The theme of money and social standing is not unique to “Wedding at the Cross.” In fact, it is a prevalent theme in literature across cultures and time periods. The idea that one’s wealth or social status determines one’s worth as an individual or partner is deeply ingrained in the societal norms of many cultures.

Moreover, the theme is also relevant in contemporary society, where social media and material possessions play a significant role in shaping individuals’ image and status. The desire to acquire material possessions or maintain a specific lifestyle for social status has led people to prioritize wealth over personal values.

In conclusion, “Wedding at the Cross” explores the theme of money and social standing with great nuance. The story highlights the impact of wealth and social status on relationships, demonstrating how societal expectations often dictate people’s choices. The wider implications of the theme make the story relevant to modern times, reminding us of the consequences of prioritizing material possessions over personal values.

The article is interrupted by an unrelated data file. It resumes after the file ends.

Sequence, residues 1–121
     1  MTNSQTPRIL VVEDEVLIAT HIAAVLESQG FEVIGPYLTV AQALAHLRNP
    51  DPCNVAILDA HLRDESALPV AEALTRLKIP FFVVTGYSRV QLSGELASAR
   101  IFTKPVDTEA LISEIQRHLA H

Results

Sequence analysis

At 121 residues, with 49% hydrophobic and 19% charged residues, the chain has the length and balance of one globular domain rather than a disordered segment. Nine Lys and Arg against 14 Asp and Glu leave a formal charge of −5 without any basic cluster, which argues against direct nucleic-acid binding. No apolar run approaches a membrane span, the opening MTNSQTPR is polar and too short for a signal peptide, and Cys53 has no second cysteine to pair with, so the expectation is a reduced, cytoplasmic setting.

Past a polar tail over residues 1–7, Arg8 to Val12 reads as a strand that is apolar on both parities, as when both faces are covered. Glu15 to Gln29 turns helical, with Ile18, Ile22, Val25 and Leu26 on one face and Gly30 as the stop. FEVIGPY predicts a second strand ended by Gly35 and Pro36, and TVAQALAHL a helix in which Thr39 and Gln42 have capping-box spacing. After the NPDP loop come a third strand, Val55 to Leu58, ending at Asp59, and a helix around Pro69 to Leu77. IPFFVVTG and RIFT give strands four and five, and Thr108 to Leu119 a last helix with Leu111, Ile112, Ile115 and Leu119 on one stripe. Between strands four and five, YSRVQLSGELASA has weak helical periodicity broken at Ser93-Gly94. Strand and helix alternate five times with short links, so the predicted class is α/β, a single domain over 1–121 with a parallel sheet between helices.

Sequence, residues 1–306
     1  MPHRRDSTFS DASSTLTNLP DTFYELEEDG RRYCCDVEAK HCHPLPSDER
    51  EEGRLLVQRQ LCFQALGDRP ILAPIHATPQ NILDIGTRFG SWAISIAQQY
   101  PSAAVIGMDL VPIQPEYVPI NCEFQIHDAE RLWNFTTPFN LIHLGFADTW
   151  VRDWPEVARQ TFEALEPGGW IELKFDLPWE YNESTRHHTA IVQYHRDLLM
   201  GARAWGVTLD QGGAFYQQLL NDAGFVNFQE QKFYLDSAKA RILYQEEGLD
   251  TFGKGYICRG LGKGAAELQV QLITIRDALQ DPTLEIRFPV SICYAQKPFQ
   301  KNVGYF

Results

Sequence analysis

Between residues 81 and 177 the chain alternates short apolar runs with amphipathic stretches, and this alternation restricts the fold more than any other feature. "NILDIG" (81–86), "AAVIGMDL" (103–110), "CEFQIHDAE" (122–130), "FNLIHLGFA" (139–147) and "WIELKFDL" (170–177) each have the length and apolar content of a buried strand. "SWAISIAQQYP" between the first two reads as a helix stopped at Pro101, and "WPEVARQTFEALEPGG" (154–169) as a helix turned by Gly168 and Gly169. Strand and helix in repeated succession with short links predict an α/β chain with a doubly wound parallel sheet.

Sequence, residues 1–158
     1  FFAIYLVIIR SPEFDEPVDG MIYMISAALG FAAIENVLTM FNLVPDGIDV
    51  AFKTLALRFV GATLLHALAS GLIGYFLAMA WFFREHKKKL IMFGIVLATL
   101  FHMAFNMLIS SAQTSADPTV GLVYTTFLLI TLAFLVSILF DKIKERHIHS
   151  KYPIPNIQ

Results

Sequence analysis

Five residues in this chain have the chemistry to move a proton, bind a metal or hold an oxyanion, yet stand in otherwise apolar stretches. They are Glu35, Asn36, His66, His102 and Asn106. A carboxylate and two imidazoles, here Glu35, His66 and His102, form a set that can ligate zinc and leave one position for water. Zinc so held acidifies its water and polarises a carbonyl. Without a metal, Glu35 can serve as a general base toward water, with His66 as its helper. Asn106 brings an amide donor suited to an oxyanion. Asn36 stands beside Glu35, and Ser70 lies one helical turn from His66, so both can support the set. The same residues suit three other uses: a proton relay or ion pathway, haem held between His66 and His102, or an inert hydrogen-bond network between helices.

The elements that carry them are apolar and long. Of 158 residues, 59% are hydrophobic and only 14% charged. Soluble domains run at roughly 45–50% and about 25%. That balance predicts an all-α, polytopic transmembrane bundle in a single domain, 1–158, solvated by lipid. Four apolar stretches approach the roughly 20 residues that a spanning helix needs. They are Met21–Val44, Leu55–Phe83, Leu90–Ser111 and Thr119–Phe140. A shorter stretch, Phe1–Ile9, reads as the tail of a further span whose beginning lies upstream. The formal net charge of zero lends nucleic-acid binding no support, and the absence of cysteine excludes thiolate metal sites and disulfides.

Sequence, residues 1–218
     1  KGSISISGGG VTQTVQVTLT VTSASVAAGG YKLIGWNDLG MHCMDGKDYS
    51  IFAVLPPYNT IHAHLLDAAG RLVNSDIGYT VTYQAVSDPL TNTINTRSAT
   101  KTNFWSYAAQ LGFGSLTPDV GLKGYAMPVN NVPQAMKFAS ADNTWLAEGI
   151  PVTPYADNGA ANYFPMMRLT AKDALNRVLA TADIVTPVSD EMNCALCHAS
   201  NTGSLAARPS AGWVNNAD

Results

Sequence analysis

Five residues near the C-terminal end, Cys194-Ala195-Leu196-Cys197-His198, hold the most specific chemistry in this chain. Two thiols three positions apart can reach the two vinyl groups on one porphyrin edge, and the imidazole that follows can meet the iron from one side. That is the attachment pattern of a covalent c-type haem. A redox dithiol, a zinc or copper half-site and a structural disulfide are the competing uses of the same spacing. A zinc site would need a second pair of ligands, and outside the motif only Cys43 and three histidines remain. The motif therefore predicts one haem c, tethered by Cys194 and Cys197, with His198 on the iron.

What does the cross represent in a Catholic wedding?

In a Catholic wedding, the cross holds a significant meaning and spirituality. The cross is a symbol of the sacrifice that Jesus made for humanity. It represents unconditional love and reminds the couple of the love and sacrifice they will need to give one another to sustain a healthy marriage.

St. Augustine said the cross is a “marriage bed [in which Christ] united himself with [His bride, the Church].” This centuries-old tradition is linked back to a small town in Bosnia-Herzegovina called Siroki-Brijeg, which reportedly remains the only place in the world with a 0% divorce rate. The town’s 12,000 residents credit the town’s perfect marital record to their deep spiritual devotion and the tradition of exchanging wedding vows before a large crucifix.

Moreover, the couple often exchange vows in front of a crucifix or holding a crucifix, symbolizing Christ’s physical presence in their marriage. The crucifix is a reminder of the love, sacrifice, and commitment that both partners need to make to achieve a successful and fulfilling marriage.

The cross in a Catholic wedding is also a reminder of the sacredness of marriage. It is a sacrament and a covenant between two people who become one flesh with God’s blessing. The couple is called to live out their vocation to love one another as Christ loves the Church, laying down their lives for one another every day.